09:30
Net Lending to Individuals (Oct)
-
-
9.8

The amount of extra funds that a sector has available to provide for either direct and indirect lending purposes to other similar counter-parts.

13:00
CPI (Nov)
-
-
0.5% m/m;
4.5% y/y

Assesses changes in the cost of living by measuring changes in the prices of consumer items. The CPI is the headline inflation figure that indicates the strength of domestic inflationary pressures. Simply put, inflation reflects a decline in the purchasing power of the Euro in Germany , where each Euro buys fewer goods and services. CPI is the most popular way to measure changes in purchasing power. The report tracks changes in the price of a basket of goods and services that a typical German household might purchase. An increase in the index indicates that it takes more Euros to purchase this same set of basic consumer items.

The German CPI is significant as one of the primary gauges of inflation. As the largest Eurozone economy, inflation in Germany will contribute significantly to inflation in the Eurozone and the behavior of the European Central Bank. High or rising inflation acts as a signal to the ECB to raise interest rates, an action which will result in the strengthening of the Euro. The headline figure for CPI is the percentage change in monthly and annualized percentage term.

13:00
Harmonized CPI (Nov)
-
-
0.5% m/m;
4.6% y/y

The Harmonized Index of Consumer Prices (HICP) reflects changes in the prices of consumer goods and services in a specified period of time. The HICP measures changes of the average price level for goods and services that households consume (the fixed consumer basket). HICP is pure price index. It does not reflect the changes in buying or consumption patterns, brands, and does not reflect the effect of outlet and service provider substitution.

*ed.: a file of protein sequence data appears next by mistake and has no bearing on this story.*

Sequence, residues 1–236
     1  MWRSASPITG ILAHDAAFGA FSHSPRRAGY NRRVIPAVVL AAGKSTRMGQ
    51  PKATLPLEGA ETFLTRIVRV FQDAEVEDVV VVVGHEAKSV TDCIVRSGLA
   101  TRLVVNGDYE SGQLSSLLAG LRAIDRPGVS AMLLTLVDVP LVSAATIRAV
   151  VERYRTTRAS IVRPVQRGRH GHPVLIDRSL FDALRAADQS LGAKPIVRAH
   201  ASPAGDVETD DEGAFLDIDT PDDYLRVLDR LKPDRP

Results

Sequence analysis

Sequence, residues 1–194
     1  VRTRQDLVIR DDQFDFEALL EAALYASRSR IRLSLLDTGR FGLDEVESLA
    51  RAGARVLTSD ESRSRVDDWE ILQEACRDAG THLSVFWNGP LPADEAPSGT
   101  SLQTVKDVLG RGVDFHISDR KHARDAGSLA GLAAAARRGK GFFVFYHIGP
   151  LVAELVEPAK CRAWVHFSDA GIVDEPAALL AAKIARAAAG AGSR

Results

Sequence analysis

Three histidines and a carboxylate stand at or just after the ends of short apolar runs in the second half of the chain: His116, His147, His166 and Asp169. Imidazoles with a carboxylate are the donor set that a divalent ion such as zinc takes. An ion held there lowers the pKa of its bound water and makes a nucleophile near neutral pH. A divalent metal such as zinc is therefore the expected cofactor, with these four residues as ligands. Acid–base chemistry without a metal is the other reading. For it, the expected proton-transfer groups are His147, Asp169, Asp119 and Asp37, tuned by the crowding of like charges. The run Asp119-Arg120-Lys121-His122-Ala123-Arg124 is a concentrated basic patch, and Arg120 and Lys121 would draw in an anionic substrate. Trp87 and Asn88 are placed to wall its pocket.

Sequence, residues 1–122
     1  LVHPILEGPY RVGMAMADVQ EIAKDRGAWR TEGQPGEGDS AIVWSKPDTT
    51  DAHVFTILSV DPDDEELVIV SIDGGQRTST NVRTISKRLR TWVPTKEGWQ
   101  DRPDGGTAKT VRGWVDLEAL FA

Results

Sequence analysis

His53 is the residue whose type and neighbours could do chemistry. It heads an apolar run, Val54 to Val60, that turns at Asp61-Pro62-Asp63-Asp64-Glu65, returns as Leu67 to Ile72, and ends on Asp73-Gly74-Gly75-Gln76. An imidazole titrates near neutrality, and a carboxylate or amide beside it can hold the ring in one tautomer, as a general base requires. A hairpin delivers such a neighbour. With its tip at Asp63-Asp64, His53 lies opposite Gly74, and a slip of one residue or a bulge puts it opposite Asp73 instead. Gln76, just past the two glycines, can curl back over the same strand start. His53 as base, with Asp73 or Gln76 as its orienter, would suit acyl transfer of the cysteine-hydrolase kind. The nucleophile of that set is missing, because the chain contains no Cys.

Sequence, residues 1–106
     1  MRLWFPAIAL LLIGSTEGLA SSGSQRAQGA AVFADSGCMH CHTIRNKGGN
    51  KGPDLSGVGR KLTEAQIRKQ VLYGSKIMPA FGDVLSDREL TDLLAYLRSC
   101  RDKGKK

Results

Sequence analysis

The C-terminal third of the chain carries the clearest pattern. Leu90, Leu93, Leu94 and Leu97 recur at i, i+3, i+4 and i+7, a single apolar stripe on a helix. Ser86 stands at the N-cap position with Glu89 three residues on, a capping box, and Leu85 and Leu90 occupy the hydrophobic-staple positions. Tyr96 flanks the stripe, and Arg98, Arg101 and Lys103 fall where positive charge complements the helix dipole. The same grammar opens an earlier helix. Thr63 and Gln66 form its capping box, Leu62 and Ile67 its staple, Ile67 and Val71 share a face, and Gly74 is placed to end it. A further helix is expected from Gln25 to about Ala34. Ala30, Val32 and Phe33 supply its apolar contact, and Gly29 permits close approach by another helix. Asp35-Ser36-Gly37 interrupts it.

13:30
Current Account (3 quarter)
-
-
3.6

Summarizes the flow of goods and services, income payments, and transfers in and out of Canada. The report acts as a gauge of how Canada's economy interacts with the rest of the world. Where the other side of the Balance of Payments, the Capital and Financial Accounts, deals mainly with financial assets and investments, the Current Account gives a detailed breakdown of how the country intermingles with rest of the global economy on a practical, non-investment basis.

The Current Account tracks the trade balance (exports and imports for goods and services), income payments (such as interest, dividends and salaries) and unilateral transfers (aid, taxes, and one-way gifts). A positive value (current account surplus) indicates that the flow of capital from these components into Canada exceeds capital leaving the country. A negative value (current account deficit) means that there is a net capital outflow from these sources. Persistent Current Account deficits may lead to a natural depreciation of a currency, as trade, income and transfer payments usually reflect Canadian dollars leaving the country to make payments in a foreign currency (just as underlying surpluses act as an appreciating weight).

Canada has historically had an export oriented economy and has relied on exports (particularly oil) as the engine for economic expansion. To this day, trade surpluses form the foundation of Canadian current account surpluses.

There are a number of factors that often work to diminish the impact of the Current Account release on the market. The report is not very timely, released quarterly about two months after the reporting period. Additionally, many of the components that lead to the final Current Account production and trade figures are known well in advance. Lastly, since the report reflects data for a specific reporting quarter, any significant developments in the Current Account should plausibly have been already felt during that quarter and not during the release of data.